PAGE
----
I've spotted a flower that is dead:

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It looks like most of the tissue has rotted away and only the veins remain.

(Sorry, I don't know the proper name for flower veins).

What is the technical term for this phenomenon?


2 Answers 2


Retting could be a valid term. But I think that the term "skeletonization" is more common. For instance here is a link to the University of Arizona showing how you would take a flower or a leaf and remove all components, leaving the veins: Skeletonization

I think that "retting" is confined to the industrial harvesting of plants like flax. I would use the term "skeletonization" to include acts of botanical science in which the veins alone were sought. For instance in the above link the botanist Frederick Ruysch published a method of chemical skeletonization in his book Adversariorum Anatomico - Medico - Chirurgicorum Decas Tertia in 1723.

It also became a form of art and craft in the late 1800's in the United States; "Skeleton Leaves & Phantom Flowers" was published by E.Parrish. I would assume that the end result as a craft would be to display the skeletonized flowers or leaves on a display board.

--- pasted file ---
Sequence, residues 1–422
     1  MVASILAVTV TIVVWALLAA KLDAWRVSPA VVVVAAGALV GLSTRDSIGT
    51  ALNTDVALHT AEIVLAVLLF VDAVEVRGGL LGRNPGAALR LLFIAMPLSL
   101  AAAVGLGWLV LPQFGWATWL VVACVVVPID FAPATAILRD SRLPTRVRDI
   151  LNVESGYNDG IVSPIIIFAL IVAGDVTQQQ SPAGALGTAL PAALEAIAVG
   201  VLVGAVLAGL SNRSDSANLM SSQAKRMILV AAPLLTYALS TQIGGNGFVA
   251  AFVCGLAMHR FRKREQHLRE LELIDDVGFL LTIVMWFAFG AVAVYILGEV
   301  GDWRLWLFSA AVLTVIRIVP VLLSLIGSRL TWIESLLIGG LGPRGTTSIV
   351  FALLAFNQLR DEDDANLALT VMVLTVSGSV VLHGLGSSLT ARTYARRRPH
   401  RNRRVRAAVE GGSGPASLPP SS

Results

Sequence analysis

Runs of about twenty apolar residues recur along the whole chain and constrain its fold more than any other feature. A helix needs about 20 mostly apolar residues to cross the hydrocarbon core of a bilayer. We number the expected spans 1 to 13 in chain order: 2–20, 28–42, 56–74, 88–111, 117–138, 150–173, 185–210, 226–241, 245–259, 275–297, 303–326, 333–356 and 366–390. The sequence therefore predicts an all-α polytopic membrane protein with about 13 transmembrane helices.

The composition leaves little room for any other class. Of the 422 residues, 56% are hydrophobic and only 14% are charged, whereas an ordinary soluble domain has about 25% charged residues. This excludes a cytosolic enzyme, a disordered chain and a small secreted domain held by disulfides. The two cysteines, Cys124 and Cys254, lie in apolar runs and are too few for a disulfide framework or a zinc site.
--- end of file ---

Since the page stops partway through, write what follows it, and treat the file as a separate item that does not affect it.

As a natural, observed event the term skeletonization could be used. But if the underlying causes such as fungus were considered then both rot, or fungal rot, and skeletonization might be used together in the same sentence. The wikipedia entry skeletonization considers animal decomposition. It's a reasonable and analogous step to use the same term for plants that decompose and leave fibres rather than bones.

  • 1
    $\begingroup$ I learned something new today! +1 $\endgroup$
    – tyersome
    Jun 30, 2019 at 17:23
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    $\begingroup$ Thats is great! I enjoyed researching it! $\endgroup$ Jul 1, 2019 at 2:23

I have heard the process that leads to this called retting.


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